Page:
Adventurer on 6,000km walk to help save our oceans

Talk of the Town - - NEWS - ROB KNOWLES

How many of us can imag­ine walk­ing all along the South African coast­line, from Namibia on the west coast to Mozam­bique on the east coast and on to the bor­der of Tan­za­nia, a trip of about 6,000km, while car­ry­ing ev­ery­thing you need in a back­pack?

That is ex­actly what for­mer Zim­bab­wean Dean Swart, 48, is do­ing, and is now rais­ing aware­ness of ma­rine con­ser­va­tion by speak­ing at schools.

“When I started off I was not do­ing this for fame or money. It was just some­thing I know I needed to do,” he said, as he sat at the Duck Pond in Port Al­fred to be in­ter­viewed on Fri­day af­ter­noon.

“But, when I saw how badly our oceans were be­ing treated, I knew that I could add some­thing mean­ing­ful to oth­ers if I made peo­ple aware of what we are do­ing to our ma­rine ecol­ogy.”

Swart said chil­dren and grand­chil­dren were the ones who would in­herit any mess we left be­hind and that they had the right to de­mand that we do bet­ter with re­spect to ma­rine con­ser­va­tion.

“That’s why I speak at schools, to tell the chil­dren that they should de­mand bet­ter of us,” said Swart.

Swart said that the build­ing in­dus­try from which he came was not do­ing well and so he de­cided to fulfil his dream.

“I think I might be the first per­son to make that the last leg of a coastal walk,” he said.

Be­fore he left, Swart took a three-month sur­vival course to en­sure he was prop­erly pre­pared for the trip. “There is no clean wa­ter for some of the trip so I had to take a small re­verse os­mo­sis de­vice to de­sali­nate the wa­ter,” he said. He also needed good boots, ex­pe­di­tion clothes, a light-weight sleep­ing bag and sev­eral other pieces of equip­ment for the jour­ney, his to­tal back­pack weigh­ing in at a mere 34kg.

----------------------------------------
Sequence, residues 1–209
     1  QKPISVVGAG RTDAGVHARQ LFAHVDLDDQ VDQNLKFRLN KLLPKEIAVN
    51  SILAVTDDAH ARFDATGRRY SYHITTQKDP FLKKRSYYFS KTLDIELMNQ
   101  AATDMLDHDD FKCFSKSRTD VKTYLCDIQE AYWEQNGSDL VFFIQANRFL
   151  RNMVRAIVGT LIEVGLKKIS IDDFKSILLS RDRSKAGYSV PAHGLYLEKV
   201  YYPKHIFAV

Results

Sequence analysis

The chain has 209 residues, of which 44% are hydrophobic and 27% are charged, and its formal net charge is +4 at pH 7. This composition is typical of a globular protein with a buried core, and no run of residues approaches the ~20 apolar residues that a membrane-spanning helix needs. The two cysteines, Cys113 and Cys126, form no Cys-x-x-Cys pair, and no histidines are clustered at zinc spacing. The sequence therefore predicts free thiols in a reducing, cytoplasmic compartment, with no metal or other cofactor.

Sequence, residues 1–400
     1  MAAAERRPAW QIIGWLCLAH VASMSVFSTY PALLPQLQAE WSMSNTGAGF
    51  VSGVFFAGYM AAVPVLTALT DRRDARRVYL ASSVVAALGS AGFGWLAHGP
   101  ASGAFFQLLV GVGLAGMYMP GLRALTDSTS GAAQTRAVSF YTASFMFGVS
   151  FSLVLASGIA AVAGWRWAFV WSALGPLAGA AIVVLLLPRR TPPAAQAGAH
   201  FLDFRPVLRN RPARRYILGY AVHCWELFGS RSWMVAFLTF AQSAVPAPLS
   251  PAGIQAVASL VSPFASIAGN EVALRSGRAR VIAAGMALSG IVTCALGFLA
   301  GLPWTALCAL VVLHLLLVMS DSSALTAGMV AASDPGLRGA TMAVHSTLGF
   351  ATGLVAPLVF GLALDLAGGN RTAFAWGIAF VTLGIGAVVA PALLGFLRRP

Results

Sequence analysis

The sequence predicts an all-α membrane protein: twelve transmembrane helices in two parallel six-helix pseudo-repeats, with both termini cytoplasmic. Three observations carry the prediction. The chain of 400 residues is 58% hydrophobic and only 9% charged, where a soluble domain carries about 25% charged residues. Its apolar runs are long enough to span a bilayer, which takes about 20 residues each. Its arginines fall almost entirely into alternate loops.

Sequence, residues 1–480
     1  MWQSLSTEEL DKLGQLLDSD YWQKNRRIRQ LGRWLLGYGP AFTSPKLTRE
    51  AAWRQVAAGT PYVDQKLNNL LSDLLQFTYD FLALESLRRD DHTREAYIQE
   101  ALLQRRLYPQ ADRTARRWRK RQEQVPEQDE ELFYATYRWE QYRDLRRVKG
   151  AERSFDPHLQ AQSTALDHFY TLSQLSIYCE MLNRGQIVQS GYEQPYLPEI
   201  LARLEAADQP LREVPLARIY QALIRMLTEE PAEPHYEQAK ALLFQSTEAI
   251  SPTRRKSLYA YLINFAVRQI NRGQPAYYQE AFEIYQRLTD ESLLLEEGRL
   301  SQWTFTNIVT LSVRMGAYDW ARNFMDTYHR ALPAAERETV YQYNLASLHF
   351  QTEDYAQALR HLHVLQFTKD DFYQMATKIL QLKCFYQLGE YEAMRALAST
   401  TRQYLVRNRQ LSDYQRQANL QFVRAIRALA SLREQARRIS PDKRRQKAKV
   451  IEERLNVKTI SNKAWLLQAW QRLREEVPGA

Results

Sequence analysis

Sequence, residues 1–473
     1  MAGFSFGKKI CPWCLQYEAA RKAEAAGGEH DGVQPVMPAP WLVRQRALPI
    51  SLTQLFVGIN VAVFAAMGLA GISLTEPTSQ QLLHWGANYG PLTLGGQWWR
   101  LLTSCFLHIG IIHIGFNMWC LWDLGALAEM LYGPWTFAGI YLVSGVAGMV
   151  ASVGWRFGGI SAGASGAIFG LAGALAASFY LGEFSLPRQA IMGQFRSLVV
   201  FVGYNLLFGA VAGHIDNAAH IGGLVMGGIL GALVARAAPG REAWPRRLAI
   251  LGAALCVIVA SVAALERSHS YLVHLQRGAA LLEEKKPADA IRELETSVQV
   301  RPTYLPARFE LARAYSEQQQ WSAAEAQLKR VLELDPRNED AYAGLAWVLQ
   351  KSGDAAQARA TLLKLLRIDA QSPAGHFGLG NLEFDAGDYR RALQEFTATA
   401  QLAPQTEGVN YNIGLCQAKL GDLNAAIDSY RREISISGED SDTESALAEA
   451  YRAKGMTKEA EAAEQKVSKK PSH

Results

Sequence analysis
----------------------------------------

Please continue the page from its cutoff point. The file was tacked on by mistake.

“That’s still a lot of weight to carry. And I have had a num­ber of in­ci­dents that have de­layed the jour­ney,” he con­fessed. “Th­ese in­cluded a bout of Red Tide Fever, mild hy­pother­mia while in Stil­baai and a stress frac­ture that laid me off for two months,” said Swart.

While re­cu­per­at­ing from the frac­ture he stayed with fam­ily in Cape Town.

Swart es­ti­mates his jour­ney will take an­other 14 in­jury-free months to com­plete and in­tends to write a book on his trav­els that will fo­cus on the way in which we need to heal the planet.

“The eco-pyra­mid is in­verted in the oceans,” said Swart. “The sharks are the top preda­tors of the oceans and we are slowly killing them off. If we lose the sharks, the whole eco-sys­tem will col­lapse.

An­other pas­sion of Swart is to ad­vo­cate for the elim­i­na­tion of sin­gle-use plas­tics.

Trav­el­ling around South Africa Swart said he was amazed at how friendly and help­ful peo­ple have been.

“I get in­vited to stay at guest houses or ho­tels along the way, or just at peo­ple’s homes. I would like to thank all the peo­ple who have helped me along the way, and par­tic­u­larly Port Al­fred High School and the Hal­yards Ho­tel as well as the peo­ple of Port Al­fred.”

Swart said that he would be in East Lon­don in the next few days and then con­tinue on­ward to the Mozam­bi­can bor­der. Swart’s jour­ney can be fol­lowed on Face­book: 500sun­sets, or his blog.


A LONG WALK: Dean Swart’s ob­jec­tive as he set out on his walk along the South African coast­line, a jour­ney of about 6,000km, was to meet peo­ple and ob­serve na­ture. Yet, hav­ing wit­nessed the way in which the oceans are be­ing abused, Swart has be­come a cru­sader for ma­rine con­ser­va­tion

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